The Value of Philosophy and the Point of Our Lives
It is basic human nature to question. There is a curiosity inside all of us that leads us to wonder about everything. Curiosity leads to examination, which leads to contemplation. Through this process the mysteries of life and the universe are slowly discovered. But there are some questions that can never be answered with certainty. These questions make up the study of philosophy, and are considered using reason and logic. Two of the main arguments in philosophy discuss its value and the meaning of life. Socrates, Bertrand Russell, Blaise Pascal and Thomas Nagel attempt in their own way to reason through these questions and form their own unique answers.
In Bertrand Russell’s “The Value of Philosophy”, he discusses what philosophy is and why it is important. He concludes that the value of philosophy is rooted in its very uncertainty. He maintains that all those questions that cannot be answered are a part of philosophical discussion, and questions with definite answers are a product of the physical sciences. When Russell is explaining in detail the value of philosophy he says, “These questions enlarge our conception of what is possible, enrich our intellectual imagination and diminish the dogmatic assurance which closes the mind against speculation” (Russell 12). For Russell, philosophy opens the mind and dispels ignorance and dogmatism, allowing us to think more freely and consider more possibilities.
In Plato’s “Apology: Defence of Socrates,” Socrates also holds the view that philosophy is a necessary practice for all persons when he argues, “An unexamined life is no life for a human being to live” (Plato 40). Socrates has just been found guilty of corrupting the youth and not acknowledging the gods of the city. Once the verdict is reached, he argues for execution rather than exile because he believes that his study of philosophy is supreme in his life and it would be more honorable to die than to flee and study philosophy elsewhere, under subpar conditions than those in Athens. Philosophy is important to him because it allows people to think for themselves rather than go along with what they are told to believe.
Russell and Socrates both uphold that the importance of philosophy come from what is does for the mind. Philosophy opens our minds, allowing unawareness and hypocrisy to dissipate. By questioning, we come to know more about the universe, and ourselves. However, Russell and Socrates do disagree on the certainty of truth. Socrates believes that there is certain truth, and one can reach it through reason and contemplation. Conversely, Russell maintains that everything is uncertain, but philosophy is still valuable because thinking of all possible explanations enlarges our minds. Through philosophy we are released from presumption, obliviousness, and bigotry. Whether or not we can know the absolute truth, contemplation through reason still holds immense importance for human beings.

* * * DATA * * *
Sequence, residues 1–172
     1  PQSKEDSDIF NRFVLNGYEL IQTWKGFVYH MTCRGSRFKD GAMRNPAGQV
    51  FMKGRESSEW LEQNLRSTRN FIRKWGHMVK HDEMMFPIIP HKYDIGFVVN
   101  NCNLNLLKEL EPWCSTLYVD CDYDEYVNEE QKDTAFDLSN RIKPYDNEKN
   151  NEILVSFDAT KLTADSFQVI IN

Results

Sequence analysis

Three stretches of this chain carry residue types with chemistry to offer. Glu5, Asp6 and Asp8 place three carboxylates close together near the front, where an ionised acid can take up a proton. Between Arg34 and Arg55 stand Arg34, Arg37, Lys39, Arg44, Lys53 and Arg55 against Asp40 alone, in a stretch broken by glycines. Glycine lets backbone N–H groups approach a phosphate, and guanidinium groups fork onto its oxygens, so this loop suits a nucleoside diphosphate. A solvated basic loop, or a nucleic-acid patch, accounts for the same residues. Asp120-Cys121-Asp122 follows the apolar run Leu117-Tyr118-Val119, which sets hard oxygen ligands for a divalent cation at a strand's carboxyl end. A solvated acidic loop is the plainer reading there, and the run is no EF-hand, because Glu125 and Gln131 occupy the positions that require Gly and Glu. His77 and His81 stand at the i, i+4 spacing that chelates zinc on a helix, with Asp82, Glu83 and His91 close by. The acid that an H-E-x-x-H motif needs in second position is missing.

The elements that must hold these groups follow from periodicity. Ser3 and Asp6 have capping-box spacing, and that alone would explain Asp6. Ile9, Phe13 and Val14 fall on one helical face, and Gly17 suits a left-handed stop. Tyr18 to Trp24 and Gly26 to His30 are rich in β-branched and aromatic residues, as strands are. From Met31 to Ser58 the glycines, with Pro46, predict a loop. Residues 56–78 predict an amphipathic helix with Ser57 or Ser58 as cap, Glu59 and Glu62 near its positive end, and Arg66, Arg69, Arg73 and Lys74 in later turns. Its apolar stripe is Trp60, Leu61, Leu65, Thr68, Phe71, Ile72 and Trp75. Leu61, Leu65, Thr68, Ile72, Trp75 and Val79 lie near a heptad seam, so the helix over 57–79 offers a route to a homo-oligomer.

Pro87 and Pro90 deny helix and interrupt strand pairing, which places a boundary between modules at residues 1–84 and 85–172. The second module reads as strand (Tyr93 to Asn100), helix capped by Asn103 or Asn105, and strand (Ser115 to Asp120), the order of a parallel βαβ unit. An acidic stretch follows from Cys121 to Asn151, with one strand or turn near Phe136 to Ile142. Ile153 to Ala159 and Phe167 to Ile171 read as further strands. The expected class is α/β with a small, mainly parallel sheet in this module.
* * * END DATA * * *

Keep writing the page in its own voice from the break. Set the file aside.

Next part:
I draw from Socrates as well as Russell when I consider the value of philosophy. Philosophy allows me to see the world for what it is, instead of being bogged down by the opinion of the masses, or the societal norms. Through reason I can consider the truth and it’s importance to me. Similar to Russell, I see that much of philosophy’s greatness lies in its uncertainty. We cannot know for sure what the answers are, but through observation and thought we can form many possibilities, enlarging our minds to hold more than one solution to any given problem. Consequently this allows us to have a more open mind, and we can approach life with a broadened sense of self.
Another question philosophers ask is “What is the point of our lives?” The answer varies greatly between each individual, demonstrated by the separate thoughts of Socrates, Pascal, and Nagel. Socrates argues that it is worse than death to be unjust. He gives some examples of what qualifies as unjust. Injustice...
References: Nagel, Thomas, “The Absurd,” In John Perry, Michael Bratman and John Martin Fischer, editors, Introduction to Philosophy: Classical and Contemporary Readings, Fourth Edition (New York: Oxford University Press) 2007.
Pascal, Blaise, “The Wager,” In John Perry, Michael Bratman and John Martin Fischer, editors, Introduction to Philosophy: Classical and Contemporary Readings, Fourth Edition (New York: Oxford University Press) 2007.
Plato, “Apology: Defence of Socrates,” In John Perry, Michael Bratman and John Martin Fischer, editors, Introduction to Philosophy: Classical and Contemporary Readings, Fourth Edition (New York: Oxford University Press) 2007.
Russell, Bertrand, “The Value of Philosophy,” In John Perry, Michael Bratman and John Martin Fischer, editors, Introduction to Philosophy: Classical and Contemporary Readings, Fourth Edition (New York: Oxford University Press) 2007.
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